THOSE WHO KNOW Danny Pivnick probably weren’t surprised when the 50-year-old Forest Hiller recently donated a $10,000 scholarship to Toronto’s contentious Africentric school.
After all, as a teacher in countries such as China and Guatemala, a tour guide in Thailand and a volunteer at Meals on Wheels and Out of the Cold, Pivnick has spent nearly a lifetime putting himself in others’ shoes.
“Part of it is I’m a little bit selfish,” says Pivnick. “I’m just trying to understand others and the world a little better.”
Pivnick’s interest in community started young, under the influence of his father — a local politician and the last reeve of Forest Hill before the the 1960s amalgamation with Toronto. “He had a big social conscience,” says Pivnick.
The interest continued after he graduated from what is now Forest Hill Collegiate and entered York University for a bachelor’s degree in sociology. “We used to joke that the only thing you could do with a sociology degree was open a sociology store,” he says.
Unsure of what to do with his degree, Pivnick did what any reasonable young man in his 20s would do: he set out for a fivemonth trip across Asia. While he was there he met some people who were teaching English in Japan.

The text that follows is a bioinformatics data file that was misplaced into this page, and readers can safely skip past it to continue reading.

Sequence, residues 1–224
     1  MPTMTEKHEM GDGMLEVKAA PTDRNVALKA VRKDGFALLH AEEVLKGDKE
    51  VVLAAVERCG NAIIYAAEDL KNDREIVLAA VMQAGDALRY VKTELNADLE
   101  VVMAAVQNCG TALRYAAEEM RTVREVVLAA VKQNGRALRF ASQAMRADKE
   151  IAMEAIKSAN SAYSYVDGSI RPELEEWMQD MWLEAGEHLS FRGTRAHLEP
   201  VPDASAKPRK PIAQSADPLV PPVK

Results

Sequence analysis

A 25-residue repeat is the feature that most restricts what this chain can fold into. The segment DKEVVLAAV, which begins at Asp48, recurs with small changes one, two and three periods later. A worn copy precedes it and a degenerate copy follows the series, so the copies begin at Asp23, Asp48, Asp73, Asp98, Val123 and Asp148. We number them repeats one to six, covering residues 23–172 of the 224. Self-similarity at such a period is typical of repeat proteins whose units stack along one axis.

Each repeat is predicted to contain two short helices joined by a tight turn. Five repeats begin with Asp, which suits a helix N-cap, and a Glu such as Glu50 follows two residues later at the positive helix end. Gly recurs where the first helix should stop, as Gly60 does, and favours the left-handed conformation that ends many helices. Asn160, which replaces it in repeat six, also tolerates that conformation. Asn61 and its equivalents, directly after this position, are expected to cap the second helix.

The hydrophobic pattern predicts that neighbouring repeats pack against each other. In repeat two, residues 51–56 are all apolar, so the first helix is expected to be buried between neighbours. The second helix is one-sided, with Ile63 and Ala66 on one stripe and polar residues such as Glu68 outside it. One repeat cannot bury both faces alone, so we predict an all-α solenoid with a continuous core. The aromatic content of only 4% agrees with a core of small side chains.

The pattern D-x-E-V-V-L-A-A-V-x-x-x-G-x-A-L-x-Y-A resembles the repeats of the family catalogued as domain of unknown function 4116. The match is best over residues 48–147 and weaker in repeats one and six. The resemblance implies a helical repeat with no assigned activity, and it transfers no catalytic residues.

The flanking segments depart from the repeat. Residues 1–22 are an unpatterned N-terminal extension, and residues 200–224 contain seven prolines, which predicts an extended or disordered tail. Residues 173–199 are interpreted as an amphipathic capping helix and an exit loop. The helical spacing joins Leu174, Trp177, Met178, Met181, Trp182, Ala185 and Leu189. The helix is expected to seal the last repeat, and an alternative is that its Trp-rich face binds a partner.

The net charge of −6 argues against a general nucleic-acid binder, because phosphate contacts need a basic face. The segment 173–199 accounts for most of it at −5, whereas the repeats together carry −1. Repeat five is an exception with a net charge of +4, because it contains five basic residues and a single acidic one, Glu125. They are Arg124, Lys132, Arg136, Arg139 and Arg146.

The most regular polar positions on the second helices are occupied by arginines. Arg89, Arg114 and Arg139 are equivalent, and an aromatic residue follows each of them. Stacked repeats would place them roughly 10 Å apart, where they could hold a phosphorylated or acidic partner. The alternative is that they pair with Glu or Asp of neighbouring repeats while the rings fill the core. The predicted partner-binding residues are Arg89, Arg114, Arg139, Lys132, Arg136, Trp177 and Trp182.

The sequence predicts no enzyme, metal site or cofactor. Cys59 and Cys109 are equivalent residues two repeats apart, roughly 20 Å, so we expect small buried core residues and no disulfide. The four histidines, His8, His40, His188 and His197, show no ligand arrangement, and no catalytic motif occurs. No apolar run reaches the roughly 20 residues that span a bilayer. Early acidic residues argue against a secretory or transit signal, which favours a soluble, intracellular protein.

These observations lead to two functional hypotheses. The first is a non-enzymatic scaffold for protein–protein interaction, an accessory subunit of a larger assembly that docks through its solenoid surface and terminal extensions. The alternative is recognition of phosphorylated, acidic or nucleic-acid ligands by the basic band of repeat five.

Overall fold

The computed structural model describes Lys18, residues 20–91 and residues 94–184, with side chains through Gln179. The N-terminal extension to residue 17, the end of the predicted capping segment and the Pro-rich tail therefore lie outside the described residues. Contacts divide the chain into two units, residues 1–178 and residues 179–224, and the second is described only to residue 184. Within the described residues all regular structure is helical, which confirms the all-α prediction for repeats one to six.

After returning to Forest Hill, Pivnick tried out a few jobs, but eventually decided to move to Japan and became a teacher.
“I was 30 years old. I could’ve had a family, done real estate.…It was a tough decision,” he says.
Throughout his 30s, Pivnick explored the global community, teaching and learning to speak several languages. “Just to be that minority is interesting … an eyeopening experience,” says Pivnick.
After teaching in China in 2001, Pivnick decided to return to Toronto, where he taught at Bayview’s Crestwood School before becoming an ESL teacher at Seneca College.
“Now I no longer have to travel; they come here,” says Pivnick.
Back at home, Pivnick also reconnected with his old buddy James Pasternak, a school trustee for the Jane and Finch area. The trustee encouraged Pivnick to help set up extracurricular music, arts, tutoring and sports programs in schools such as Oakdale Park Middle School and Beverley Heights Middle School.
Pivnick also volunteers outside of the school system. Last month, he took a trip to Africa where he spent three weeks volunteering at a Kenyan orphanage.
“The kids were so appreciative of everything. It inspires me now to think about it,” says Pivnick.
The experience reaffirmed for him how easy it can be to volunteer, an opportunity he advises everyone to take.
In regards to the Africentric school, Pivnick says the scholarship donation was just a gesture he wanted to make.
“If someone chooses to go there and it triggers an interest to learn and read, then that is one small step,” he says. “It was a controversial school.…I wanted to celebrate success.”